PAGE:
Wednesday, September 11, 2013

Turkish Tuesdays......on a Wednesday

Turkish Studies: Profile and News
Welcome to another entry from the Center for European Studies in beautiful, albeit slightly humid Gainesville, Florida.  We have many exciting projects underway, including a new grant proposal for the European Union Delegation that deals with privacy, security, and the effects that the cyber revolution has had upon each of these issues in an increasingly interconnected world.  This proposal has indeed been so time consuming that “Turkish Tuesdays” is actually being published on Wednesday, and sadly, “Turkish Wednesdays” just doesn’t have the same ring to it.  So please forgive our delay.  For now, we would like to take a moment to introduce another essential member of the CES team – our Professor of Turkish Studies, Emrah Sahin.  Here is what Professor Sahin has to say about his teaching philosophy, current research, and his exciting new courses that will be sure to attract students from a broad variety of disciplines:
            I received degrees in History and International Relations from Middle East Technical University (B.A.), Bilkent University (M.A.) in Ankara, Turkey, and my PhD from McGill University, in Montreal, Canada. I was fortunate to work with a number of wonderful scholars at these institutions to whom the shape of my intellectual pursuits is greatly indebted.
            I begin this year with two research projects. The first is a manuscript focusing on Ottoman authority and society through the prism of foreign missionary activity in the region during the 19th and early 20th centuries. The existing literature often depicts Ottoman authorities as rigid bureaucrats and missionaries as idealistic reformers. My research moves beyond these stereotypes by emphasizing the complexity of Ottoman imperial statecraft and by revealing the variety of stakeholders. It posits that the Ottoman government was an evolving administrative body rather than the staid, monolithic entity that previous works have described. The manuscript seeks to provide an historical context for the contemporary debate over missionary activity in Turkey and the Middle East. The second project is a volume on Turkish relations with the Wider World (Europe and the United States). This volume, which I am editing and writing with several other international scholars in the field, introduces themes in socio-cultural encounters as well as diplomatic relations between Turkey and the West.  We also hope to present a more nuanced approach to the transformation of the Turkish image in the Old World and New.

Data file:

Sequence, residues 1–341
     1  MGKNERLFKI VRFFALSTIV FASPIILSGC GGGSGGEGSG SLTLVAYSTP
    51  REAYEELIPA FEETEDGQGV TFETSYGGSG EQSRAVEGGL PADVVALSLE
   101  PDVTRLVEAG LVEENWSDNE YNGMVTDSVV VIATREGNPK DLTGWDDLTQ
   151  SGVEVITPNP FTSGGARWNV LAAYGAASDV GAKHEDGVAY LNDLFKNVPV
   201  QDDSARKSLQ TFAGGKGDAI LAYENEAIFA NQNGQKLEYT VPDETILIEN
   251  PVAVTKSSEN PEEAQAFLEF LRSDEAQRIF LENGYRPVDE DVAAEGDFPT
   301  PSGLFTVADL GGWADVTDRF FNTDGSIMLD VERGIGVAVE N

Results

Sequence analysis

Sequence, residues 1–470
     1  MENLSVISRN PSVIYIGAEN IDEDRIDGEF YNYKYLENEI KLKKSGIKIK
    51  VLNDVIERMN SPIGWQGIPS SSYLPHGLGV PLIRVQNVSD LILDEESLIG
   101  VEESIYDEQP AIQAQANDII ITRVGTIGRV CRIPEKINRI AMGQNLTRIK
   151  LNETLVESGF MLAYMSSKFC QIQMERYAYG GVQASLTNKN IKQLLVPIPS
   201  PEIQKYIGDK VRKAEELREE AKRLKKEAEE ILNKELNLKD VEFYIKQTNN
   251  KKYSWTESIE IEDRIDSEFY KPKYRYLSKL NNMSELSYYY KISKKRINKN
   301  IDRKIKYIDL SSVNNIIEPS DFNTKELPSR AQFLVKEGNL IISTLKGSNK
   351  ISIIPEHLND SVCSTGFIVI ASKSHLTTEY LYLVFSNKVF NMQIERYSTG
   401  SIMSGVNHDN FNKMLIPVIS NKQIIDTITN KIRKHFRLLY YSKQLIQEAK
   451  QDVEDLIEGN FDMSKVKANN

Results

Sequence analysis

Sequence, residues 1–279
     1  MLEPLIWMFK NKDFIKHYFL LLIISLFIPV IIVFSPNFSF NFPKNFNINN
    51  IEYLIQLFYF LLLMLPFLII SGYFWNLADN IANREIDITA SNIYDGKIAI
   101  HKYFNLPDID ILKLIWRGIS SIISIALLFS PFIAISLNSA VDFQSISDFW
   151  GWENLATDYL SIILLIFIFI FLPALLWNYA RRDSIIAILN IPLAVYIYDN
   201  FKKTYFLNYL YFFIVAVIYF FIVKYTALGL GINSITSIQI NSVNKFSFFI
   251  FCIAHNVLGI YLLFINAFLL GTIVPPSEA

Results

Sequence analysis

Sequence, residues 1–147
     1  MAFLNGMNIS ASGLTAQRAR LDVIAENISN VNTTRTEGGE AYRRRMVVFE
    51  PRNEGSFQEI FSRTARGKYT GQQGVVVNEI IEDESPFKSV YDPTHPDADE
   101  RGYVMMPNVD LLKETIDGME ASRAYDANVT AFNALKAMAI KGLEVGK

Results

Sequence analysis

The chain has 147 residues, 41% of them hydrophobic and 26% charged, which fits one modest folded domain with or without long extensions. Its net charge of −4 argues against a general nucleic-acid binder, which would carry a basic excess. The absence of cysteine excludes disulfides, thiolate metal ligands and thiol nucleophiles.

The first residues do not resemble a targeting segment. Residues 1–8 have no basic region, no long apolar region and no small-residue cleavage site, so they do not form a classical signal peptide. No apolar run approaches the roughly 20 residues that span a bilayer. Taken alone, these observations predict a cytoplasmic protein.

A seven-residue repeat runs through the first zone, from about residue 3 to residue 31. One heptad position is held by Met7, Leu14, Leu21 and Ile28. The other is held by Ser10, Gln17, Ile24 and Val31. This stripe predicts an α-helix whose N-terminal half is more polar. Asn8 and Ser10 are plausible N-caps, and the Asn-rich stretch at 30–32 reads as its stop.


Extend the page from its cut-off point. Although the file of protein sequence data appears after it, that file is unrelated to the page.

This semester I am teaching beginning and intermediate Turkish language and culture courses and co-teaching “European Experience from a Social Science Perspective” with Edit Nagy, the CES lecturer in Hungarian Studies.  Those of you who are familiar with European history can no doubt appreciate the irony, at least in a historical context, of a Turk and a Hungarian working together on a course on the “European Experience.”  Next semester I will teach a course entitled “Money and the Bible in Turkey,” which will focus on the work of merchants and Christian missionaries in Turkey and the Ottoman Empire.
Teaching is a passion of mine and I relish the opportunity to work with both graduate and undergraduate students. The challenge of teaching Turkish Studies is overcoming outdated stereotypes about Turkey and the Middle East. This challenge requires that students be equipped with historical imagination, textual literacy, and interdisciplinary thinking; the skills necessary to explore the interplay between history and memory. I design my classes to have four main objectives: to generate interest in the material; make my students aware of the available sources; to teach them how this information relates to other contexts; and to teach them to think critically about these sources. I might add that these skills are incredibly useful in all disciplines and need not be resigned to only history classes. 
I know from personal experience that a teacher’s personality and rapport with students can make or break their enthusiasm for the subject being taught. I strive to be enthusiastic and energetic: enthusiastic about the subject and about how students explore it, and energetic in the teaching process. I aim for an open and interactive teaching style designed to encourage debate on the day’s subject. When possible, I devote time to discussing primary source texts and encourage students to analyse rhetorical twists and historical contexts of these texts. Ultimately my goal is to lead students through discussions wherein they acquire the analytical and critical thinking skills necessary to assess the validity of historical evidence.        

My major aim in teaching Turkish Studies at UF is to open my students’ eyes to the personal enrichment of studying Europe and Turkey, which I see as a unique opportunity for them to connect with the greater world through the experiences of Turks across space and time.
Along with Turkish Tuesdays on this blog, two additions will enrich our Turkish Studies menu: Aegean Movie Nights and the Florida Journal of Turkey and Turkish Studies. This semester, Aegean Movie Nights, the product of our collaboration with the Classics Department, will show 12 Turkish and Greek movies that we have hand picked based on variety, fluency, and quality. All are subtitled and open to the public (for more visit, The Florida Journal of Turkey and Turkish Studies will publish news, research and events related to Turkish Studies twice a year. It aims to create a platform for UF scholars and students, along with Florida’s Turkish community to interact and promote an informed understanding of the Turkish World. More information will be available here in coming weeks.